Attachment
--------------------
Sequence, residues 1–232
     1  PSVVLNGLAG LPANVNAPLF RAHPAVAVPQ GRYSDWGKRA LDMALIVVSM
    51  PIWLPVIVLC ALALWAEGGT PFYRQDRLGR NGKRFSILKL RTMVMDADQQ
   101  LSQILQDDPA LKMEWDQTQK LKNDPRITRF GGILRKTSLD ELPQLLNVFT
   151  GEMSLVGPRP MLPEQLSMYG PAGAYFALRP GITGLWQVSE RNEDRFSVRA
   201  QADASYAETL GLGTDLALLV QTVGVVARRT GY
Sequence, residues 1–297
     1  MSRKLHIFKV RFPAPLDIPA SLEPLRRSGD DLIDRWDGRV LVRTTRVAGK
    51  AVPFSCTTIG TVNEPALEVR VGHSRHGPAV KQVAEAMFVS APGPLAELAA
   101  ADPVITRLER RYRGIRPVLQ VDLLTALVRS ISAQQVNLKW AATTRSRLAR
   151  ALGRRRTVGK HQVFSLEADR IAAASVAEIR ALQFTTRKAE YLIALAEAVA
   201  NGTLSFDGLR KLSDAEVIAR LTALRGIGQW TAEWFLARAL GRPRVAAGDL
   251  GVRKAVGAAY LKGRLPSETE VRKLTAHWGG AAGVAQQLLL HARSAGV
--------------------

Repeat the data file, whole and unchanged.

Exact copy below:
Sequence, residues 1–232
     1  PSVVLNGLAG LPANVNAPLF RAHPAVAVPQ GRYSDWGKRA LDMALIVVSM
    51  PIWLPVIVLC ALALWAEGGT PFYRQDRLGR NGKRFSILKL RTMVMDADQQ
   101  LSQILQDDPA LKMEWDQTQK LKNDPRITRF GGILRKTSLD ELPQLLNVFT
   151  GEMSLVGPRP MLPEQLSMYG PAGAYFALRP GITGLWQVSE RNEDRFSVRA
   201  QADASYAETL GLGTDLALLV QTVGVVARRT GY
Sequence, residues 1–297
     1  MSRKLHIFKV RFPAPLDIPA SLEPLRRSGD DLIDRWDGRV LVRTTRVAGK
    51  AVPFSCTTIG TVNEPALEVR VGHSRHGPAV KQVAEAMFVS APGPLAELAA
   101  ADPVITRLER RYRGIRPVLQ VDLLTALVRS ISAQQVNLKW AATTRSRLAR
   151  ALGRRRTVGK HQVFSLEADR IAAASVAEIR ALQFTTRKAE YLIALAEAVA
   201  NGTLSFDGLR KLSDAEVIAR LTALRGIGQW TAEWFLARAL GRPRVAAGDL
   251  GVRKAVGAAY LKGRLPSETE VRKLTAHWGG AAGVAQQLLL HARSAGV